As for getting the 22 West architect, Shalom Baranes, to produce 22 West on its oddly shaped lot, Lanier acknowledges, “I like imperfections and challenges. They make for exciting spaces.” Such as the pointy end of the D line of apartment homes, the D line being, Lanier adds, where his adult son, Philippe, also lives.
“Effectively,” he says, EastBanc, which also developed Cady’s Alley of design and fashion shops in Georgetown, builds buildings “where things aren’t the same. . . . If we keep living in places that are rabbit’s warrens of small rooms, one day we’ll feel like rabbits.”
Shapiro’s daughter, who helped her shop for the condo, agrees with Lanier’s take on oddly shaped spaces. Shelby loved the extreme angles of the Point, her mother says, especially the weird little window that juts out from her parallelogram of a bedroom. (What can you do with that space? Shapiro is asked. “Nothing!” she says with a smile.)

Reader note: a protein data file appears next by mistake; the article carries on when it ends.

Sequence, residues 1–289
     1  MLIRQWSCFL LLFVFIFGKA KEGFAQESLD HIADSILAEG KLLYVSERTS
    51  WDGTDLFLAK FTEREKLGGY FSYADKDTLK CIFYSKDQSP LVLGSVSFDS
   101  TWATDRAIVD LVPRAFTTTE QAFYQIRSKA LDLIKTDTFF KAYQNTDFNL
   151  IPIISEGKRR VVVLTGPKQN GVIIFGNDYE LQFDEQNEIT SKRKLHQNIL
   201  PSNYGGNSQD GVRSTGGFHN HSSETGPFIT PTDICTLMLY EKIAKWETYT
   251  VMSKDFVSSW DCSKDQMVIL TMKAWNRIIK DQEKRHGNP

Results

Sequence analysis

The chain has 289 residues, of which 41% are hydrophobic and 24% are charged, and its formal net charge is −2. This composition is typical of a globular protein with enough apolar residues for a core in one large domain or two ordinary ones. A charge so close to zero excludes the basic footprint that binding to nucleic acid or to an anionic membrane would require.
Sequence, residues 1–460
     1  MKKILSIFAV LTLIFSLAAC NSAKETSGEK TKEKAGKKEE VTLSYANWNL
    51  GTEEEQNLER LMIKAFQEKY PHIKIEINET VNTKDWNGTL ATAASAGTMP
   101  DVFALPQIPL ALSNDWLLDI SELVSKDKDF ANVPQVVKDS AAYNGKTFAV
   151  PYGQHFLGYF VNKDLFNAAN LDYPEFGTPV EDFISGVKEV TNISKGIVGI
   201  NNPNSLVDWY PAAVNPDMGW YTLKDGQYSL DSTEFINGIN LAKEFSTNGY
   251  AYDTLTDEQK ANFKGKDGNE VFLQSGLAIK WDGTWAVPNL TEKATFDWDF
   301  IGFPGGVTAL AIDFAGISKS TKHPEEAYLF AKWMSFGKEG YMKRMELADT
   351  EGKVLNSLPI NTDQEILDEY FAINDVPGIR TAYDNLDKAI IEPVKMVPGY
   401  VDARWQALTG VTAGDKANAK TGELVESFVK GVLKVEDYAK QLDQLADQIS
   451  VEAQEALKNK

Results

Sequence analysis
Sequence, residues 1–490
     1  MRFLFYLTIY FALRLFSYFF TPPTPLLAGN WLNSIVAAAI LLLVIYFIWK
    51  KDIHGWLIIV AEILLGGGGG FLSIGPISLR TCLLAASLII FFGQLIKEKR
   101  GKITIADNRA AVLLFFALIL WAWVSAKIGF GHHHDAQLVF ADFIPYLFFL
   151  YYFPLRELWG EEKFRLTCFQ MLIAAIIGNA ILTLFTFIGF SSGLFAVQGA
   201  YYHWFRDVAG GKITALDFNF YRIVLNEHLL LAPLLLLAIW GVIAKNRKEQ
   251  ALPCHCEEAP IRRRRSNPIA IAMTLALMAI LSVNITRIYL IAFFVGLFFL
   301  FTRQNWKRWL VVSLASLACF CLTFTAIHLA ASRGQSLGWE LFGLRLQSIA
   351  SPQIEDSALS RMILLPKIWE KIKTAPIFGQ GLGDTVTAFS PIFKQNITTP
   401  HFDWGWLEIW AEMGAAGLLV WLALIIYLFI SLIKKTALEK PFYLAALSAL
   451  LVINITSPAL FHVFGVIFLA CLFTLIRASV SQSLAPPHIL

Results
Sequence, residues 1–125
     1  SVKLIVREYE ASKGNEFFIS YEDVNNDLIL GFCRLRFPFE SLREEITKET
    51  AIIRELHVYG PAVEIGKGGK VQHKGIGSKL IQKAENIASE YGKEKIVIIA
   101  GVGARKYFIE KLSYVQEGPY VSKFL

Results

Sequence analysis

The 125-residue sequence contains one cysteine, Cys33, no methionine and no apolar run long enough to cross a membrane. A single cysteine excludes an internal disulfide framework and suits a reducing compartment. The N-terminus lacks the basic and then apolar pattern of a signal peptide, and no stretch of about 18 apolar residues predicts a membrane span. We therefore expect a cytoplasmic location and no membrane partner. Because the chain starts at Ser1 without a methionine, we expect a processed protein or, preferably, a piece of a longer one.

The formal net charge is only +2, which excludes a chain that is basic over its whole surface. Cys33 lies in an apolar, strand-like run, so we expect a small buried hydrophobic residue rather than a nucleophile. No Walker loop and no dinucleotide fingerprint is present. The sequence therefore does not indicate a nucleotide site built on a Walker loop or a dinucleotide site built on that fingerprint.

Because 22 West came on the market as the recession hit, it has taken some five years to sell out most of the condos (about half a dozen remain available, from $1.35 million to $1.8 million). But Lanier says he remains faithful to his notion of luxury living. It’s not about granite or Miele and Sub-Zero appliances. He means tall, wide, substantial doors, nine-foot ceilings, wide hallways, soundproof windows and ventilation stacks capable of removing cooking odors. “We [design] things you can’t sell,” he says. “Luxury is being able to see city traffic and planes flying over the river but not hear them.”
Luxury, to Shapiro, is the large grill and service kitchen on the roof deck. And the cable, Internet, electricity and gas that are all included in her $2,360-a-month condo fee. And the Fed-Ex and UPS services in the building lobby. And what Mei-Mei Watts Venners, the director of sales for the building, calls “lock and leave living.”
And what Shapiro calls real service: “They’ll accept groceries — and even put things in the fridge for you.”